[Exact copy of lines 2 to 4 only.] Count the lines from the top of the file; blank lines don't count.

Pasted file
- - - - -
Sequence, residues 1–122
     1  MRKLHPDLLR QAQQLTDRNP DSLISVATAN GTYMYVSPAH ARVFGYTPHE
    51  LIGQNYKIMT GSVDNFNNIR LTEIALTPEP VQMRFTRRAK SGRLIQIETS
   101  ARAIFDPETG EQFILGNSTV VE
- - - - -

     1  MRKLHPDLLR QAQQLTDRNP DSLISVATAN GTYMYVSPAH ARVFGYTPHE
    51  LIGQNYKIMT GSVDNFNNIR LTEIALTPEP VQMRFTRRAK SGRLIQIETS
   101  ARAIFDPETG EQFILGNSTV VE